There is a self-fulfilling prophecy function to economic views of rational actors pursuing their self-interests. The discourses of rationality and efficiency have entered the public dialogue to an extent that economists can “discover” effects derived from their very postulates. Economics students, for example, compared to others cooperate less and more aggressively pursue self-interested maximization in economic games.
The current crisis pulls back the curtain of mathematical and ideological obfuscation of market workings. Warren Buffet now warns us to beware of “geeks bearing formulas” and even the likes of Alan Greenspan, Richard Posner, and other true believers are expressing their doubts in the power of free markets.
It is but a small step from such doubts to the realization that markets are cultural, social, political, economic constructions that have emerged of out of particular histories of property rights, monetary regimes, intellectual property recognition, tolerance for inequality, and social institutions that produce “rational” subjects to pursue certain ends and work out the “correct” solutions to cost/benefit analyses. Seeing markets as social constructions, rather than as the product of natural forces, allows us to treat them as such.
All of the “laws” and rules of thumb about the economy or the market are predicated on a particular political and social order that may not endure. In fact, history tells us that it will not. That doesn’t mean we are on the verge of Marxist revolution (despite what Rush Limbaugh may fear), but just that the order of things will change. If I had to bet, I would put my money on private property rights enduring through my lifetime, and that of my kids, and maybe even longer.
But all markets are contrivances, not natural outcomes of truck and barter. And there are other sorts of contemporary capitalist formations with different balances between private gain and public goods. Take Germany, Sweden, and the northern European model, or China with its hybrid economy. Clearly, there are many possible ways to construct market economies.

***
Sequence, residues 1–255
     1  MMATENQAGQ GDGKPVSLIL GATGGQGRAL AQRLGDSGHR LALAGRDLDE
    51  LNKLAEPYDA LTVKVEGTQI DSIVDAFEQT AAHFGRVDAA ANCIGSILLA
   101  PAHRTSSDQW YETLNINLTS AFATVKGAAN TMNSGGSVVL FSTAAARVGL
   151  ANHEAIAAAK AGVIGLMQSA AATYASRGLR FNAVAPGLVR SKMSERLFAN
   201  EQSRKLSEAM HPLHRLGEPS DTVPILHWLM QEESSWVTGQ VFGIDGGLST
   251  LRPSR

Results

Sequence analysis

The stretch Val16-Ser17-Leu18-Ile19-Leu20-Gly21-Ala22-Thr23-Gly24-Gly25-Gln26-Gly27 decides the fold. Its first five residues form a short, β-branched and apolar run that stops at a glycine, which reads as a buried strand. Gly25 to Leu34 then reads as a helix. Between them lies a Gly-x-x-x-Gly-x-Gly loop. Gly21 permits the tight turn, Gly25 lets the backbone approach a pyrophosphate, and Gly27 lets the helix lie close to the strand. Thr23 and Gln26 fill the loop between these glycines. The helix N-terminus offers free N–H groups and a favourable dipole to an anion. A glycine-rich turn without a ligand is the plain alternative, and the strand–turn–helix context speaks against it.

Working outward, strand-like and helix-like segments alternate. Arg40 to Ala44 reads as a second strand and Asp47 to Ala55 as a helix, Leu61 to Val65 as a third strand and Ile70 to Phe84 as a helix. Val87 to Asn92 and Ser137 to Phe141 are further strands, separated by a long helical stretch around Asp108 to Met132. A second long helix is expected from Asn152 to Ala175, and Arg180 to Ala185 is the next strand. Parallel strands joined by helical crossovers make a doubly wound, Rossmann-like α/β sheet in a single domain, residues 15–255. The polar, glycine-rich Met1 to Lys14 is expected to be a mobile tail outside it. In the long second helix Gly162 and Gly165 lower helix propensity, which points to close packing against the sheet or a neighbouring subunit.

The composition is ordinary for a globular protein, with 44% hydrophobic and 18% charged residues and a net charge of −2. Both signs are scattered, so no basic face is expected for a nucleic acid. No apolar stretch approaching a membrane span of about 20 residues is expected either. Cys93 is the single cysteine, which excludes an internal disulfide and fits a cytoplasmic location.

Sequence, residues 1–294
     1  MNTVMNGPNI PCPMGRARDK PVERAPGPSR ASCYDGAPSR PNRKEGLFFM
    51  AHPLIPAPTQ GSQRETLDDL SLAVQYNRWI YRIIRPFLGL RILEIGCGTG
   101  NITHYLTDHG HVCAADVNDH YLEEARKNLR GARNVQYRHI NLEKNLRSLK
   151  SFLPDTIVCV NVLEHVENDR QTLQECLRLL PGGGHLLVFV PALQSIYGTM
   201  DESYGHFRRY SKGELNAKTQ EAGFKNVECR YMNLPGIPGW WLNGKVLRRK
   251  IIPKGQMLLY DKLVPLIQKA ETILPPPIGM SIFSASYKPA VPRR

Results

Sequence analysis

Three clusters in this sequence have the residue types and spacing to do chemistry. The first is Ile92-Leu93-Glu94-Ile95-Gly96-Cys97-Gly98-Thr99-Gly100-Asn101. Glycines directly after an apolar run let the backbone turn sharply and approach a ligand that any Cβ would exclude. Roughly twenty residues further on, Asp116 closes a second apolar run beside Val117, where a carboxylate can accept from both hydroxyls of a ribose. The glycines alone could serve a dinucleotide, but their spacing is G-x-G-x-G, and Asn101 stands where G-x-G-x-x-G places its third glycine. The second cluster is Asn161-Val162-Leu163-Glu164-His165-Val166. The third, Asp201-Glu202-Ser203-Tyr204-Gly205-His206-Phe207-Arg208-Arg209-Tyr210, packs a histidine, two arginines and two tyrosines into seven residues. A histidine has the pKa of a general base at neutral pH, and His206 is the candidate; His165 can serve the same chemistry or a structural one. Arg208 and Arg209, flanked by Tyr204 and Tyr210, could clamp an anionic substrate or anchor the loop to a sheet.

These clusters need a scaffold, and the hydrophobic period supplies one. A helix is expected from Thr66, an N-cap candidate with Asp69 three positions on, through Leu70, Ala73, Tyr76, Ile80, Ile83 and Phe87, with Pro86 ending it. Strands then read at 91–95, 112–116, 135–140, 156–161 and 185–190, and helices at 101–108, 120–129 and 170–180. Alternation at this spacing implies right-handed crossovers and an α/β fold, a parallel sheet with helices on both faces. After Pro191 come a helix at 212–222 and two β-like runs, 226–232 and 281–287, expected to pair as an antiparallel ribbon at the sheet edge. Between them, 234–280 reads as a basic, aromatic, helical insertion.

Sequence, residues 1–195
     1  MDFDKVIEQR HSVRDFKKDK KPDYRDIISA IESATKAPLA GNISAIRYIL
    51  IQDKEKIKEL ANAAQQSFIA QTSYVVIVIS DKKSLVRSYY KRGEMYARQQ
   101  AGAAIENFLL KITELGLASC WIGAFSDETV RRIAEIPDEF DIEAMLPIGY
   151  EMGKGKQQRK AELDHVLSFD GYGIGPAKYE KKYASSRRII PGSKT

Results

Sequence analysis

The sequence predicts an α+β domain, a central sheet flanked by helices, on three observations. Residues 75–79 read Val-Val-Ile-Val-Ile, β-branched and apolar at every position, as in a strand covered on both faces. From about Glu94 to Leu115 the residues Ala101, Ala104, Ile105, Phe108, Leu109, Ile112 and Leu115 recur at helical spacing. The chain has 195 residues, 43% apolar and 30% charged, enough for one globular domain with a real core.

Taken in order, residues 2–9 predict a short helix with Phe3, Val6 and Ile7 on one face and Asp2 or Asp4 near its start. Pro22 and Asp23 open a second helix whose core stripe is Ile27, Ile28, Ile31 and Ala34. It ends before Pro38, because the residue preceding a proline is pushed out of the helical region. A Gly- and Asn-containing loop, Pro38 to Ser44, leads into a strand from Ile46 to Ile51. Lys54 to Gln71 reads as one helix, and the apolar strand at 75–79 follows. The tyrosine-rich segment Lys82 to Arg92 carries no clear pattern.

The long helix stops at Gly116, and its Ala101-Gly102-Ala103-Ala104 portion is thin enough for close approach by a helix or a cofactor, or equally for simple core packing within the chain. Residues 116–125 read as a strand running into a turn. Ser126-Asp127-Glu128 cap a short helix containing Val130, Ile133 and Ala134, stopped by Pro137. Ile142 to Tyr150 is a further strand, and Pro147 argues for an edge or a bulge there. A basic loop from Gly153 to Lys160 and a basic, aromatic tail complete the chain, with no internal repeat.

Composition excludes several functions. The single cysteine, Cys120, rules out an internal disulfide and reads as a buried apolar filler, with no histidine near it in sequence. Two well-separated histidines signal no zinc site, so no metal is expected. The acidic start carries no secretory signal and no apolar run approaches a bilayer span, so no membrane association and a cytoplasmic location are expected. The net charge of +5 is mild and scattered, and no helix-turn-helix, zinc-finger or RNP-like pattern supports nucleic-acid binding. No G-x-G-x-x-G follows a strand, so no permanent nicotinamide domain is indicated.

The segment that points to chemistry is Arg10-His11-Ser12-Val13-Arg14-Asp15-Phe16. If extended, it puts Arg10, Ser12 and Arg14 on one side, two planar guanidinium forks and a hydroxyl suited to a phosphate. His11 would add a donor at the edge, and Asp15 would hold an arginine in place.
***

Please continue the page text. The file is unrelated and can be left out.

We must recognize the value in market efficiencies—the wealth market economies have produced, the quantity and quality of life they have increased. Yet we should not naturalize or deify markets. Keeping firmly in mind that they are social constructions allows one to see markets not as absolute, omnipotent forces but as tools, instruments, techniques in the social and political project of living together to the greatest mutual benefit (as we define that socially and politically). This means markets can and should be regulated to provide the greatest good for the greatest number. We need not put off difficult social and political questions about the quality of life onto simple material and financial cost/benefit analyses.
We have been too quick in recent years to disavow tough political (and moral) decisions (about who get gets what, what is a ‘just’ wage, and so on), leaving these to an almost religious belief in market forces to work out optimal solutions. Markets do lots of good, healthy market competition increases efficiencies, and we should let them do their work in the contexts they work best. But we should not let a notion of “natural” markets shy us away from making political decisions. The current crisis in the markets forces us—and policy makers—to see them as the contrivances that they are. Markets are neither inherently good nor bad—they are techniques and instruments that we can put to the social and political uses we see fit.